Multiply: The Command to Make Disciples

So how did the first week go for you?  Did you learn anything new about what a disciple is?  Are you renewing your efforts to be like the Rabbi?  We learned that we are commanded to be a follower of Christ.  This week we learn about another command.  Not only are we commanded to BE a disciple, we are also commanded to disciple others.  Don’t forget to follow along:

Part 1: Living as a Disciple Maker: 2: The Command to Make Disciples

Imagine you had been waiting all your life for a promised Messiah who would rescue your people from affliction and rule forever.  You had so many expectations of the power and wonder and strength of this Messiah, the Savior of the Jews.  And then… you met Jesus. “But He never quite fit anyone’s expectations of what the Messiah would do or say” (27).  

The disciples followed Jesus day after day to place after place, through hardships and ridicule.  They followed him to the end.  And then… he died.  Along with all their hopes, all their dreams.  Can you imagine the grief? The loss? Not only did they lose a beloved friend, they lost the Savior of their people, the hope of deliverance by God.

And suddenly and few days later, He was alive! In their midst once again.  His instruction to them wasn’t quite finished.  He had one more command. “Go. Go and make disciples.”  If someone came back from the dead to give you one more instruction, one more warning, how would you react?

Discussion Question #1

Stop for a minute and read Matthew 28. Try to place yourself in the disciples’ shoes as they witnessed these things and heard these words from Jesus.  How do you think you would have reacted?

The Great Commission and the Church

“Many read [Jesus’s command] as if they were meant to inspire pastors or missionaries on their way out to the mission field… But have you ever considered that maybe Jesus’s command is meant for you?” (29). When we read the rest of the New Testament we see much evidence of the early church carrying out this very command, bring Jesus to the nations, disciples making disciples.  So why does there seem to be so little disciple making within today’s church? “Do we really believe that Jesus told His early followers to make disciples but wants the twenty-first century church to do something different?” (30).

Discussion Question #2

Assess your church experience in the light of Jesus’s command to make disciples.  Would you say that your church is characterized by disciple making? Why or why not?

More Than a Program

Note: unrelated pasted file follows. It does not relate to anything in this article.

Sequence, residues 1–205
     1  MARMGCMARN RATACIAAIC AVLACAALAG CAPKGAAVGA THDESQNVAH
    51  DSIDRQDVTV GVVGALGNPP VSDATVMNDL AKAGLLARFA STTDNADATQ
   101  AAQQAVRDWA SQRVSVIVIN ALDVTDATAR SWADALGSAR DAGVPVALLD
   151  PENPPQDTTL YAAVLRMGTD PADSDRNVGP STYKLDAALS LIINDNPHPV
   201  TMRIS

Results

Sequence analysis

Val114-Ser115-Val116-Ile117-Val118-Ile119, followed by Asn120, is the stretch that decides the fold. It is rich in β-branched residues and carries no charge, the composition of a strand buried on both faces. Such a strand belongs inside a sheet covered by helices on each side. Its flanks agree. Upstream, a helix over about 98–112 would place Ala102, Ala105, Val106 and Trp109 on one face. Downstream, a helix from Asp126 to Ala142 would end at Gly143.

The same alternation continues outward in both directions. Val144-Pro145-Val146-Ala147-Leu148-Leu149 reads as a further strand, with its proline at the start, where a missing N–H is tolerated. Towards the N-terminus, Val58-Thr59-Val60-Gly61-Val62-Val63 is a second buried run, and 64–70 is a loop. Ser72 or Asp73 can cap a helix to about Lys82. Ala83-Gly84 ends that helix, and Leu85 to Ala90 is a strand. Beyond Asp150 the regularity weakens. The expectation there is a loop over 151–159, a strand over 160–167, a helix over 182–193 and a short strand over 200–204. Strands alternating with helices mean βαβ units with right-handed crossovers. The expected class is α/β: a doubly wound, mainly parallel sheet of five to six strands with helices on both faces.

So if we are commanded to make disciples, what does that look like?  It’s not just a program that you can sign up at church, attend a couple of weeks and then check it off your list.  “A disciple is a disciple maker” (31, emphasis added). There are three parts to the “Great Commission”.

1) Go

This implies action.  You can’t sit still and expect people to just come to you.  You have to live Christ.  Follow Christ.  Teach others to do the same.

2) Baptize People

There are differing opinions today about whether or not baptism is necessary.  “But in the early days of the church, baptism was huge. Baptism was an unmistakable act that marked a person as a follower of Jesus Christ. As Jesus died and was buried in earth, so a Christian is plunged beneath the surface of the water.  As Jesus emerged from the tomb in a resurrected body, so a Christian comes out of the waters of baptism a a new creation. When first-century Christians took this step of identifying themselves with the death and resurrection of Jesus, they were publicly declaring their allegiance to Christ” (31, emphasis added).  

Discussion Question #3

Have you identified yourself with Jesus through being baptized? If so, why do you think this was an important step for you to take? If not, what is holding you back from being baptized?

3) Teach People to Obey Everything Jesus Commanded

Teaching people to become disciples is an enormous task.  “Realistically, this will require a lifetime of devotion to studying the Scriptures and investing in the people around us” (32).  While this may sound daunting, it isn’t as bad as it sounds.  I love bible study and I hope you do to, because it is an occupation that will last you a lifetime.  The more we study, the more we draw closer to God, and the more we will want to share with others the amazingness of the gospel.  I love to tell people about God.  It’s a natural outpouring of a close, intimate relationship with God.  And we are never really “done”.  There is always more to learn, and more to share.  We also never “finish” the disciple-making process.  Even when you feel the one your are discipling is ready to go make disciples themselves, the relationship between you does not end there.  You can continue to strengthen one another for years to come.

Even though making disciples isn’t a difficult task to understand, it can cost us much. Jesus said:

If the world hates you, you know that it has hated Me before it hated you. If you were of the world, the world would love its own; but because you are not of the world, butI chose you out of the world, because of this the world hates you. Remember the word that I said to you, ‘A slave is not greater than his master.’ If they persecuted Me, they will also persecute you; if they kept My word, they will keep yours also” (John 15:18-20 NASB).